O God, help us to discern it well. Give us the wisdom to know when to act and when to wait, when to speak and when to be silent, when and with whom to cooperate, when and whom to resist.  Give us the courage to do what is ours to do. And for all of us who lead, may we continue to be changed and transformed in the crucible that is leadership in these days.  We ask this for the sake of your love.  Amen.


© Ruth Haley Barton, 2017.  Not to be reproduced without permission.

Ruth Haley Barton

(Doctor of Divinity, Northern Seminary) is Founder and Chief Essence Officer of the Transforming Center. A teacher, seasoned spiritual director (Shalem Institute), and retreat leader, she is the author of numerous books and resources on the spiritual life including Life Together in Christ, Pursuing God’s Will Together, Strengthening the Soul of Your Leadership, Sacred Rhythms, and Invitation to Solitude and Silence.

32 Comments

  1. clare loughrige on September 1, 2017 at 10:22 am

    Ruth,

    Thank you for calling The Church to engage their hearts and action for such a time as this. Our city and county have a deep history that includes both Sojourner Truth and the Ku Klux Klan. Even to date the racial hostility runs hot. As pastors of a church that resound with your words, “transformation is central to the Gospel” we continue to look for ways to be participants and instruments in the work of transformation “for the glory of God, the abundance of our own souls and for the sake of others.” On that grievous weekend in Charlottesville, Crossroads led our Sunday Services and the our County Fair on Sunday night in this prayer from Missio Alliance-

    “Leader: Lord Jesus, your Kingdom is good news for a world caught in racial hostility. We ask that you would give us grace for the deep challenges facing our country.

    Congregation: Oh Lord, only you can make all things new.

    Leader: Lord, we confess our anger, our deep sadness, and our collective sense of weakness to see this world healed through our own strength.

    Congregation: Oh Lord, only you can make all things new.

    Leader: Lord, we honestly confess that our country has a long history of racial oppression, that racism has been a strategy of evil powers and principalities.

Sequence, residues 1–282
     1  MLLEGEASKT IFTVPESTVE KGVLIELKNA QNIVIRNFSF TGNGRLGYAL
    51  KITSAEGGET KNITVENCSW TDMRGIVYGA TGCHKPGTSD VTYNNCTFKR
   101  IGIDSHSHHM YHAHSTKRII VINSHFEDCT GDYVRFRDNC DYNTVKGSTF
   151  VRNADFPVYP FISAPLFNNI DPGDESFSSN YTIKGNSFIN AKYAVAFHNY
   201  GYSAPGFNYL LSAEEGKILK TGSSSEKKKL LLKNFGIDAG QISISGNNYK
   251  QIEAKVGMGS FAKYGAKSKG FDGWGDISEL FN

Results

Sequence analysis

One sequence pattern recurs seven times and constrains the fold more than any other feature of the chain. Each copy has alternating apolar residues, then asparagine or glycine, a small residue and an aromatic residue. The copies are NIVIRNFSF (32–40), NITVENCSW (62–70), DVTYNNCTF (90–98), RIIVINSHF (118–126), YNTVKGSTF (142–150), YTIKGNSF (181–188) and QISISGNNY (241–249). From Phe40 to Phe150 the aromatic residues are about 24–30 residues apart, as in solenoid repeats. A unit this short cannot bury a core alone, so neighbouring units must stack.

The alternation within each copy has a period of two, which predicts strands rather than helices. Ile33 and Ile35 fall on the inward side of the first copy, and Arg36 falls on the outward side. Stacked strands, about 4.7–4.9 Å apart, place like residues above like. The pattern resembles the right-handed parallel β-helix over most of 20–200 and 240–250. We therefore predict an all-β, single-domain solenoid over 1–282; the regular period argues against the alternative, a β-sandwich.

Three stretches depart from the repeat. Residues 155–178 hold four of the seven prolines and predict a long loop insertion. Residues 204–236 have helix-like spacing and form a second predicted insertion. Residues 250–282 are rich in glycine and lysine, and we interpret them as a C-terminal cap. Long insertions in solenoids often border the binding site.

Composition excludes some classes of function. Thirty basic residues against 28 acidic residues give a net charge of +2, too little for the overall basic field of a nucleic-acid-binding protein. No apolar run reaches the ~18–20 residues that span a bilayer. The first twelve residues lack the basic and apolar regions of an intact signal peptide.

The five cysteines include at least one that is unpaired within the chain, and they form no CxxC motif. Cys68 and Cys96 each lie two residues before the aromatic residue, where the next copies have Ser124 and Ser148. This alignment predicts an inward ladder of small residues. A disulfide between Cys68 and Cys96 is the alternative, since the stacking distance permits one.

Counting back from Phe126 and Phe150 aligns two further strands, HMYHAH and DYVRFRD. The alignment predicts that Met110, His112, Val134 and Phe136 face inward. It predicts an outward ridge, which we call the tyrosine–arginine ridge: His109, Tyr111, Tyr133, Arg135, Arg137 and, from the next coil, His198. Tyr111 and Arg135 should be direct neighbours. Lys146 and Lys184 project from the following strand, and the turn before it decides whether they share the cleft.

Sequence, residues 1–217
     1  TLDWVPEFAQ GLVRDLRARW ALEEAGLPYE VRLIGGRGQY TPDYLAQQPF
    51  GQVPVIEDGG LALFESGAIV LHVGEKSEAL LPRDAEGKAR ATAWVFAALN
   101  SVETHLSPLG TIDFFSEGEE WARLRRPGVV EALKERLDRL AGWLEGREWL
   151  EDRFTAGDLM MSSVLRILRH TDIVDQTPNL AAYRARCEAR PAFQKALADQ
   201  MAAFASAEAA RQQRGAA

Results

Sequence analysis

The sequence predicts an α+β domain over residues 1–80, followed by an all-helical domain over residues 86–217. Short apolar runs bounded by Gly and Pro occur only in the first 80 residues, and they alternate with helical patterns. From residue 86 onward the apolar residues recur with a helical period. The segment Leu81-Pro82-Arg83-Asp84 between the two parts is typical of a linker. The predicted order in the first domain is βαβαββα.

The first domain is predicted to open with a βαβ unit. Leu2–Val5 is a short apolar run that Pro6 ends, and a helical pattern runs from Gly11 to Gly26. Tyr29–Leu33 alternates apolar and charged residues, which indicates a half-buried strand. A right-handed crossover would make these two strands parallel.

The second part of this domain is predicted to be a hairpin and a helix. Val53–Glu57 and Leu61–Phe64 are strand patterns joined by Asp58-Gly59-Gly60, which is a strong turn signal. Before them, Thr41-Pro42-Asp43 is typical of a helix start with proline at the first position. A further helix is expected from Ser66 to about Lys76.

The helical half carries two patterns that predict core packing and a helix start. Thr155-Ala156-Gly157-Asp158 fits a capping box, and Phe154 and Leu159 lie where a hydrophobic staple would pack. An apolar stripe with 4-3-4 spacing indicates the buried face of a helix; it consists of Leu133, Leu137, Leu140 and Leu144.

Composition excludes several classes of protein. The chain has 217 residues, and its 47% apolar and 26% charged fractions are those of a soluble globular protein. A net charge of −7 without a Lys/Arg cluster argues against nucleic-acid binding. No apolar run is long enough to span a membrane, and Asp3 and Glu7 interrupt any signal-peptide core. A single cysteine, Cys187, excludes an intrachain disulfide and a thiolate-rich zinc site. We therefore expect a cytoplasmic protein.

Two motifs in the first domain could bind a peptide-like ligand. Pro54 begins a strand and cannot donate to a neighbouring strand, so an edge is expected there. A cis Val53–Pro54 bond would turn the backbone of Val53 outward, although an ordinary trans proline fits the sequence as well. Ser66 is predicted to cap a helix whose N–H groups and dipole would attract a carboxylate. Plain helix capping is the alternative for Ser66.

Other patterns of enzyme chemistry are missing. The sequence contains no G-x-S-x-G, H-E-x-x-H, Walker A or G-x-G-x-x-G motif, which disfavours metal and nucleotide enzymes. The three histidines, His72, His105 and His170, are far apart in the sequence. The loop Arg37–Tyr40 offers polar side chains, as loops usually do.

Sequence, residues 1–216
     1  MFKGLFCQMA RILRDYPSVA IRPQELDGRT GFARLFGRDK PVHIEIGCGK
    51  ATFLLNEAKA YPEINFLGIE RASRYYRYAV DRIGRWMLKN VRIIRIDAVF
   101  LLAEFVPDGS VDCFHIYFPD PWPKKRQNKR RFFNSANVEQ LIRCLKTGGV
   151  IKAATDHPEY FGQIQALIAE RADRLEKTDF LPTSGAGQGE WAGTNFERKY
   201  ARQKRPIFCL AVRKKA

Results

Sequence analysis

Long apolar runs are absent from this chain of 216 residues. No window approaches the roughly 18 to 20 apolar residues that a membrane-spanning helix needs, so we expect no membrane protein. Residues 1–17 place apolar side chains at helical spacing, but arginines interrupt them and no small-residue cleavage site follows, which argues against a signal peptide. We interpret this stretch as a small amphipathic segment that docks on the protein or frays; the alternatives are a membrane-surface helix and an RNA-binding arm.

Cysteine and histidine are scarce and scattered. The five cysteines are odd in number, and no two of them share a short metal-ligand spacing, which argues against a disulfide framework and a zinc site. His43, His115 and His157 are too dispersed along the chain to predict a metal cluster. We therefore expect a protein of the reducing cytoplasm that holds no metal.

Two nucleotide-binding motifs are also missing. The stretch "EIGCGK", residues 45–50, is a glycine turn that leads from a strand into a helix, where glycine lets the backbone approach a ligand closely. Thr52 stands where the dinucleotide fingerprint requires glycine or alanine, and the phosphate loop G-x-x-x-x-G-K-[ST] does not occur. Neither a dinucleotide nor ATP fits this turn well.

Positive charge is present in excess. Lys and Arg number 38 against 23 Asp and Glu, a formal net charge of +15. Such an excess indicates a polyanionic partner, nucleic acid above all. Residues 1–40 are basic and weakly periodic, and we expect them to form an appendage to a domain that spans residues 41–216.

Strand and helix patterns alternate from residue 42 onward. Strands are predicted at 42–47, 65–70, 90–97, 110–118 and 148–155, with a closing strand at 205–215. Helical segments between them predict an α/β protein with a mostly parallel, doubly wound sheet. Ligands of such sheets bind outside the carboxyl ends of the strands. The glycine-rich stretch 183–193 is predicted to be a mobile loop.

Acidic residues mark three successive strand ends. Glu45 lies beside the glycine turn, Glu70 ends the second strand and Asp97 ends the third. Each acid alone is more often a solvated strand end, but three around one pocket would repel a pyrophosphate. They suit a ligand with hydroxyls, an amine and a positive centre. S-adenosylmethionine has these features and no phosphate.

Congregation: Oh Lord, only you can make all things new.

    Leader: Lord, we confess that the gospel is good news for the oppressed and the oppressor. Both are raised up. Both are liberated, but in different ways. The oppressed are raised up from the harsh burden of inferiority. The oppressor from the destructive illusion of superiority.

    Congregation: Oh Lord, only you can make all things new.

    Leader: Lord, we confess that the gospel is your power to form a new people not identified by dominance and superiority, but by unity in the Spirit.

    Congregation: Oh Lord, only you can make all things new.

    Leader: Lord, we ask that you would help us name our part in this country’s story of racial oppression and hostility. Whether we have sinned against others by seeing them as inferior, or whether we have been silent in the face of evil. Forgive us of our sin.

    Congregation: Oh Lord, only you can make all things new.

    Leader: Lord we pray for our enemies. For those who have allowed Satanic powers to work through them. Grant them deliverance through your mighty power.

    Congregation: Oh Lord, only you can make all things new.

    Leader: Lord, we ask that you would form us to be us peacemakers. May we be people who speak the truth in love as we work for a reconciled world.

    Congregation: Oh Lord, only you can make all things new.

    Leader: Lord we commit our lives to you, believing that you are working in the world in spite of destructive powers and principalities. Bring healing to those who are hurt, peace to those who are anxious, and love to those who are fearful. We wait for you, O Lord. Make haste to help us.

    Congregation: Oh Lord, only you can make all things new.”

    Grateful for your leadership,

    Scott and Clare Loughrige

    • Ruth Barton on September 14, 2017 at 7:17 pm

      Beautiful!

  2. Rick McCall on August 31, 2017 at 10:50 pm

    I serve as a pastor in a multi-racial church. The reason it is multi-racial is because all leadership buys into the belief that it is God’s very specific calling to our congregation. And the only way that has happened is through His working hand.

    And the way He has directed us in it is by many individuals sitting down at the table over of a period of years and asking a black brother or sister what they experience as people of color. Because we otherwise have absolutely no way of knowing.

    The events in Charlottesville hurt our black members deeply, as did the events in South Carolina, as did the events in Minneapolis, San Diego and so many other places over the past few years. And I addressed each of those publicly from the pulpit the Sunday following their occurrence.

    But what hurts them most is the dismissal of their pain as inconsequential or worse, self-serving. I wouldn’t know or have any understanding of why those things hurt them without having invested many hours of open and honest exchange over years. And of course, as a white, middle-class man, I can never come close to fully understanding.

    But as a white, middle class man, I was a racist for many years. Not because I held black women and men in contempt, but because I didn’t care enough to ponder them at all. That is, until some racial incident came up in the news and I dismissed their position completely out of hand, never caring to wonder or understand why their opinions were so, so wrong.

    Trust is a hard thing to build. It is fragile and shaky at the outset, but when someone knows you truly love them, it begins to strengthen and grow. It is a process and it takes time, but in this case, it is the absolute right thing for a follower of Christ.